Woodrow Wilson Research Paper

Submitted By katiedirocco
Words: 1545
Pages: 7

Katie DiRocco
Mr. Dodds
United States History; period 9
February 27, 2015
A.M.D.G. 50.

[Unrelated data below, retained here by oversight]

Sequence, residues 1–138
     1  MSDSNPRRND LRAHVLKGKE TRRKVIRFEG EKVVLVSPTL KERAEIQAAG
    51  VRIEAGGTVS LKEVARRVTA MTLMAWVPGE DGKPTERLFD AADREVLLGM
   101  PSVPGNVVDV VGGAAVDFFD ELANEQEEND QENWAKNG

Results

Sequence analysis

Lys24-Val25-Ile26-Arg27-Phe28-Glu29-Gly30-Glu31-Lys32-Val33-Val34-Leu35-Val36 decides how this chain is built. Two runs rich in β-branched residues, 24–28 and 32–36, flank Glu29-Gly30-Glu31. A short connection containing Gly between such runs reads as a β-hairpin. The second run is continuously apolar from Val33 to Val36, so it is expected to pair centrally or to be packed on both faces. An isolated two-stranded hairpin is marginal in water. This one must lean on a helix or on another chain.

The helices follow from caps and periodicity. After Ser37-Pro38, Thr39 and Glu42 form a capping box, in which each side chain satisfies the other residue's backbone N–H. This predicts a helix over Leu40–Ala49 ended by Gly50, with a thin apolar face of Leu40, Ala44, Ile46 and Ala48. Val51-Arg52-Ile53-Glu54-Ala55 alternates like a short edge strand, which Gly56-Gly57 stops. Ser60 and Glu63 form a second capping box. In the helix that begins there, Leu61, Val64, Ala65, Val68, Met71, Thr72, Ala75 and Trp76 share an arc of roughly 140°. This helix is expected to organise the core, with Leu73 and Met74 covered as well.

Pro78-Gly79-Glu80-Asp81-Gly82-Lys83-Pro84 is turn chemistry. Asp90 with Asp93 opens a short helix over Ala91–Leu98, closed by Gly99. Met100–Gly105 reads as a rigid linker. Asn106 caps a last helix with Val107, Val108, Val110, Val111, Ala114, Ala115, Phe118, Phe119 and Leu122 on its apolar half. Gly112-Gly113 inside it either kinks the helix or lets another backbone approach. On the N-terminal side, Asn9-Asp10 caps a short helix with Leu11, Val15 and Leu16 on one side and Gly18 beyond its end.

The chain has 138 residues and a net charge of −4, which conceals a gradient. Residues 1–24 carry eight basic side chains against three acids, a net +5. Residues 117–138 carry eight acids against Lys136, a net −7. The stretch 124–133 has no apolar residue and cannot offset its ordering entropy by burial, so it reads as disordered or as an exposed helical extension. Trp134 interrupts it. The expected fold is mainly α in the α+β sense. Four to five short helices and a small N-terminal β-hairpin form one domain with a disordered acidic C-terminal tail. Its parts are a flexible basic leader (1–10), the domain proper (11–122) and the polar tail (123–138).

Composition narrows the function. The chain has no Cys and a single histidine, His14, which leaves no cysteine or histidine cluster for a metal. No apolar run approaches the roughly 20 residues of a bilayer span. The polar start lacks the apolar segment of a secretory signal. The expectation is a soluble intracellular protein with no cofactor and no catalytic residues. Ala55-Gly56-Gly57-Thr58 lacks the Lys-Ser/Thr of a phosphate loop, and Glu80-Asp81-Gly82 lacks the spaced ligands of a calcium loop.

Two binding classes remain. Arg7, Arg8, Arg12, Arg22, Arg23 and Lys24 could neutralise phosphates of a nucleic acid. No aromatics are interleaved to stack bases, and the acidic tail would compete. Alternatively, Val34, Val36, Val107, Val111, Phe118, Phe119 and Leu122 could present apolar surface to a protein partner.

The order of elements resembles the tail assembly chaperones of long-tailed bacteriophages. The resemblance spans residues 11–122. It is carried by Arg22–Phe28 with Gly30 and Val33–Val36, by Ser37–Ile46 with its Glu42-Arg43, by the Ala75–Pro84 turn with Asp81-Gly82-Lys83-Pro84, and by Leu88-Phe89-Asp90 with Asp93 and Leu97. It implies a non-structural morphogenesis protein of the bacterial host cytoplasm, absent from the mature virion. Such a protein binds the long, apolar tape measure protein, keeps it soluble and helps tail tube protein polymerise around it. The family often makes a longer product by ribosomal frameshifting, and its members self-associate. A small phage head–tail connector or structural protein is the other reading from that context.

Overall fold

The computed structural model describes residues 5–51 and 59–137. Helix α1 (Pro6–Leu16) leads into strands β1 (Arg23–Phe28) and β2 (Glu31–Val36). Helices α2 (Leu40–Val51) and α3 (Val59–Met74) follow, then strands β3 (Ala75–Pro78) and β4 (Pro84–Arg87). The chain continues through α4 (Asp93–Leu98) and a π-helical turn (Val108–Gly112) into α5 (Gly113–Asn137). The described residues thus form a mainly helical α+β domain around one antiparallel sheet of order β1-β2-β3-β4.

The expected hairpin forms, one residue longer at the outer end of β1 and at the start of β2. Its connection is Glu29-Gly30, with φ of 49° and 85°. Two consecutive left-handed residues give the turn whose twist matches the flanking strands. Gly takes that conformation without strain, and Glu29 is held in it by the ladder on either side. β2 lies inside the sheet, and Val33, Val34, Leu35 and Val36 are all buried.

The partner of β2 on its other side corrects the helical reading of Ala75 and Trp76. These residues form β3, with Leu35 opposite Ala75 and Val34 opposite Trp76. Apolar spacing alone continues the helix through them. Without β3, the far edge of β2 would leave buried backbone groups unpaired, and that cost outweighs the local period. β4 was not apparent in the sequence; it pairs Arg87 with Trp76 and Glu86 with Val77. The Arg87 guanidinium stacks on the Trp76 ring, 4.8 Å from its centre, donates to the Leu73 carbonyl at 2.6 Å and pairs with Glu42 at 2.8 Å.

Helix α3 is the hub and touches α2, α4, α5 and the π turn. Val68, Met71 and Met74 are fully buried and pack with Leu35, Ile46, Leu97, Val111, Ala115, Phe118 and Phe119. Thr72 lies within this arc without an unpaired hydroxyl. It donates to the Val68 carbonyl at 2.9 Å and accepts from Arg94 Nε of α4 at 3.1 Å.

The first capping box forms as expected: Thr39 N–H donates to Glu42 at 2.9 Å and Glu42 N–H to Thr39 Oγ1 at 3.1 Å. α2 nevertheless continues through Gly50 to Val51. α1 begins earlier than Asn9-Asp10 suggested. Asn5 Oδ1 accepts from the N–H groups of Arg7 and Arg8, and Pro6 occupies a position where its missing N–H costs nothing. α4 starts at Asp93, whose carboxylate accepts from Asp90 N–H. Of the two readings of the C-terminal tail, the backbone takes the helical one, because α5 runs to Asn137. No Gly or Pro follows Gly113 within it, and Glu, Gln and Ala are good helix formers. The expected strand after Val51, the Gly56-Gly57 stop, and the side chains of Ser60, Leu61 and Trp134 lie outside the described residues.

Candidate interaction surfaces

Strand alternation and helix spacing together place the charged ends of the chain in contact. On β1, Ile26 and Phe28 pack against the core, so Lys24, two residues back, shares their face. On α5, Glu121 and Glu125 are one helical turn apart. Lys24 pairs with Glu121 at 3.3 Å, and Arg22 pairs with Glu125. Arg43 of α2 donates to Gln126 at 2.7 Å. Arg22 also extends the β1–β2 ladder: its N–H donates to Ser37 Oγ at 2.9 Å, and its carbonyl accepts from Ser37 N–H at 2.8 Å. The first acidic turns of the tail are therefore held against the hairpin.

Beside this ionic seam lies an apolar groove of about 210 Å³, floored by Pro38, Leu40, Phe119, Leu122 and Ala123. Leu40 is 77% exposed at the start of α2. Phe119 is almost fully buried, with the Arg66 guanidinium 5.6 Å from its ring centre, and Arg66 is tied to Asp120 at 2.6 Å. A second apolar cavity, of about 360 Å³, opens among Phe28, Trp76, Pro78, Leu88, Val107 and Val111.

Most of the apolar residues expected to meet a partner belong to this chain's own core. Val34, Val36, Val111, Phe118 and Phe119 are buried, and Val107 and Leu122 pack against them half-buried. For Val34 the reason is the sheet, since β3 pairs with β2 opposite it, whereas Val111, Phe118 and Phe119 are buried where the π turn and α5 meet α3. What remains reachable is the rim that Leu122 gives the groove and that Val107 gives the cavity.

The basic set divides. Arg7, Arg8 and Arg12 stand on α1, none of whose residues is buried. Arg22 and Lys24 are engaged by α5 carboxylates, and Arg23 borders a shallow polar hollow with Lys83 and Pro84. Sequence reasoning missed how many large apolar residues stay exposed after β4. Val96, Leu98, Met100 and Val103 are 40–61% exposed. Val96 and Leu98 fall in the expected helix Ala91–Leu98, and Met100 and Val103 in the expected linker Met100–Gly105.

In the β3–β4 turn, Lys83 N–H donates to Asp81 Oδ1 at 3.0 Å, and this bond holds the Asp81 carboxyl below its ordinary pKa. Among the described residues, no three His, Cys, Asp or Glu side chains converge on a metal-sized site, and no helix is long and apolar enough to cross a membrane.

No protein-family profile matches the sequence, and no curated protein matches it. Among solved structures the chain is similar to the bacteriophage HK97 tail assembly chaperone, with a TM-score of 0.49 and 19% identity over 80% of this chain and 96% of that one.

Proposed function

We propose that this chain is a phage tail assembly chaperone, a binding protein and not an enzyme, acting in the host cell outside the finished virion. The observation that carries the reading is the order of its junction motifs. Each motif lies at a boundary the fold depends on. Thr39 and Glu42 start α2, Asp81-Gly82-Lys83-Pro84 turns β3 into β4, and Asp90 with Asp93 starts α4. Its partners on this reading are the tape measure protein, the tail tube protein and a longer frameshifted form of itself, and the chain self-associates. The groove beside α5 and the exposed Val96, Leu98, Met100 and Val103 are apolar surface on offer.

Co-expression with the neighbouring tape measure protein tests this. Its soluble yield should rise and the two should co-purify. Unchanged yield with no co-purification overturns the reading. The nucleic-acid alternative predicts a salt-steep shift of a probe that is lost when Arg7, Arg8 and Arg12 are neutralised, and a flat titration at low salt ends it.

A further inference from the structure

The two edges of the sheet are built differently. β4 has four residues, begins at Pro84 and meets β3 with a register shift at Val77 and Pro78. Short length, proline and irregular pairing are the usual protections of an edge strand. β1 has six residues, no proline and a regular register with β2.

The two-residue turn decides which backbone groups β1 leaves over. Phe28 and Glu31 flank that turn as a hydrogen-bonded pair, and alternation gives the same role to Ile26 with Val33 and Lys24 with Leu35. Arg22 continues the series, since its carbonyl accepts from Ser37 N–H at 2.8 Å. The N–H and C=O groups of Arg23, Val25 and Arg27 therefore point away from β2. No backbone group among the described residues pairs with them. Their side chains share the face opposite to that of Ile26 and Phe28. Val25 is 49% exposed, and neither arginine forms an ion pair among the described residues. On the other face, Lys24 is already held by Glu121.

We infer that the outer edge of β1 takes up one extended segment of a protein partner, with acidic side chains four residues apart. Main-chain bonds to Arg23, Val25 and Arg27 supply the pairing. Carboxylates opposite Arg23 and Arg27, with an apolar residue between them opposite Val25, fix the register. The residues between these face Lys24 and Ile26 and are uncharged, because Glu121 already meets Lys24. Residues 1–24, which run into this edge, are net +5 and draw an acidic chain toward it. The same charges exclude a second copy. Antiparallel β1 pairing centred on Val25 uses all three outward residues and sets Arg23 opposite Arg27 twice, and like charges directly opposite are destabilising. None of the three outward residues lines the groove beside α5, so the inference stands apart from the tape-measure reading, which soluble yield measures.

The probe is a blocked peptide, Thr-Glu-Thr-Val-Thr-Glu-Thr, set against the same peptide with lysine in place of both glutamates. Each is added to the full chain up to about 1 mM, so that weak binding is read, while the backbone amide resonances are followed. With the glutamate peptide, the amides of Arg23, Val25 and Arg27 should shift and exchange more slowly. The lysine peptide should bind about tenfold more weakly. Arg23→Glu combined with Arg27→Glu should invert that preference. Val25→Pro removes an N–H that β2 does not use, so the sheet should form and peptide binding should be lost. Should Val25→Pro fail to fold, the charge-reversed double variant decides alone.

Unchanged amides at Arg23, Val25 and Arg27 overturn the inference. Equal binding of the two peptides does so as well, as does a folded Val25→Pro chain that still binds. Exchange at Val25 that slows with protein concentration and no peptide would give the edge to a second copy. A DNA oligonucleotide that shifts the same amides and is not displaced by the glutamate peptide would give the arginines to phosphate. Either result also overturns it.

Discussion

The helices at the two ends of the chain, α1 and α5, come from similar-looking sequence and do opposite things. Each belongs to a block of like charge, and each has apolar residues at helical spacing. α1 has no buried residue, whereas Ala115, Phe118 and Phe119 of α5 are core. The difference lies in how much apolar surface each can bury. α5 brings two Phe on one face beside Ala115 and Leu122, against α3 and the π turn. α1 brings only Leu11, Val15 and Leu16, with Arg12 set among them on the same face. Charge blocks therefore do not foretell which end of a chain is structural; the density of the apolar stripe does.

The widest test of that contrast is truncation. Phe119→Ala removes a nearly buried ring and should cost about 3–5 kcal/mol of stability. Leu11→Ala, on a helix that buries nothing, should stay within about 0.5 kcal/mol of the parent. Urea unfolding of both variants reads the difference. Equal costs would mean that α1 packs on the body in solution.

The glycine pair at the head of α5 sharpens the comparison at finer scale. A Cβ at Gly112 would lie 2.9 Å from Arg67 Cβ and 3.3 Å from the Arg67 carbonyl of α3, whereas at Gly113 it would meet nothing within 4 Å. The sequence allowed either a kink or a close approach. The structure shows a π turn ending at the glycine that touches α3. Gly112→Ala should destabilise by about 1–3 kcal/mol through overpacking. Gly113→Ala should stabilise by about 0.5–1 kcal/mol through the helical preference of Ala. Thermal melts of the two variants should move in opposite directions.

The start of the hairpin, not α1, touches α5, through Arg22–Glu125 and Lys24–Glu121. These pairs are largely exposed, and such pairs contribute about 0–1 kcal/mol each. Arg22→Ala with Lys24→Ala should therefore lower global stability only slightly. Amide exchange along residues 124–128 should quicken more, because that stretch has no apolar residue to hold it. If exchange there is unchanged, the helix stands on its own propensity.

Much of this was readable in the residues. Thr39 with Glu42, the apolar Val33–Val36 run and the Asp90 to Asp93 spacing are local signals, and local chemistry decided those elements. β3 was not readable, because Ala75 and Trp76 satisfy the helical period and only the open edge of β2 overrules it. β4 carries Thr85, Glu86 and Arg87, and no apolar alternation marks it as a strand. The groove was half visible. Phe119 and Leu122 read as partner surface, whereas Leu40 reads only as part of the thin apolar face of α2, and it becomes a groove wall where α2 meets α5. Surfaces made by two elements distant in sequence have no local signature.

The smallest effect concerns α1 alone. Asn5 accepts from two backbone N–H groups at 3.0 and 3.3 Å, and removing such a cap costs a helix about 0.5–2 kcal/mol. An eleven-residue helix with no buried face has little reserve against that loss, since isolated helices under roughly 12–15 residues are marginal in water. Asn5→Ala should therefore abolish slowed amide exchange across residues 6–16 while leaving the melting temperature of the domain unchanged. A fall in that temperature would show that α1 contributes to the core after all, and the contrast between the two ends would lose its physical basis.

Woodrow Wilson Woodrow Wilson is one of the most significant figures in American history. He was born in Staunton, Virginia and grew up in Georgia and South Carolina. Growing up, Wilson had a harder time in school compared to others because he had a form of dyslexia. His father, who was a reverend, trained him in oratory, a place of prayer, and debate, which Wilson grew a passion for as a boy. He went on to Davidson College but transferred to Princeton in 1875. Next, he studied law at the University of Virginia and earned a Ph. D. in political science and history at John Hopkins University. Wilson wanted to be a professor at Princeton after graduating and ended up becoming the university’s 13th president (Funk and Wagnalls). After this, Wilson moved on to bigger things that changed the world. Woodrow Wilson accomplished many things in his lifetime like crafting the Versailles Treaty’s Fourteen Points in World War I, creating the Federal Reserve System, and supporting women in their right to vote. Woodrow Wilson was elected in 1912 after running against Taft and Roosevelt. The only problem with him becoming president is that he was no too popular with the public because of his poor people skills. He was very stubborn and had a sense of moral righteoness and idealism. His first plan was the attack the triple wall of privilege; tariff, banks, and trusts. He soon convinces congress to pass the Underwood Tariff Bills, which helped reduce the tariff. Soon after this the 16th amendment was ratified which let congress collect a graduated income tax. These are smaller things he did in his first term as president. One of Wilson’s bigger accomplishments was creating a banking system while benefited the United States majorly. The Federal Reserve System, founded by Woodrow Wilson, is a central banking system in the United States. By December 23, 1913, when President Woodrow Wilson signed the Federal Reserve Act into law, it stood as a classic example of compromise. It was a decentralized central bank that balanced the competing interests of private banks and populist sentiment (Federal Reserve Education). Under his leadership, Congress enacted the most cohesive, complete, and elaborate program of federal oversight of the nation's economy up to that time: banking reform under the auspices of the Federal Reserve System, tariff reduction, federal regulation of business, support for labor and collective bargaining, and federal aid to education and agriculture. Together, these programs helped the United States begin to catch up with what was happening in other industrial states around the world. They reflected a deep commitment to humanization of the industrial system and laid the basis for the modern welfare state (Miller Center). Wilson also signed other acts like the Federal Farm Loan Act, Warehouse Act, Workingmen’s Compensation Act, Adamson Act, and La Follette Seamen’s Act. This helps farmers take out loans and made them at low interest rate, benefited sailors by improving how they are treated and more money to live on the ships, and established an 8-hour workday for employees on trains. There were more positives to these Acts but Wilson also tried to repeal previous acts that he thought hurt the county like exempting American coastal shipping from tolls (APNotes). Following World War I, Woodrow Wilson wanted to establish a basis for a lasting peace following the allies’ victory. He created a proposal called the Fourteen Points which declared that World War I was being fought for a moral cause and calling for peace in Europe. Wilson was the first national leader to address the world through radio transmission. He hoped to persuade the governments and people of America and their new allies to support his vision, particularly a league of nations. Wilson's Fourteen Points address was also broadcasted into the enemy nations, where he hoped he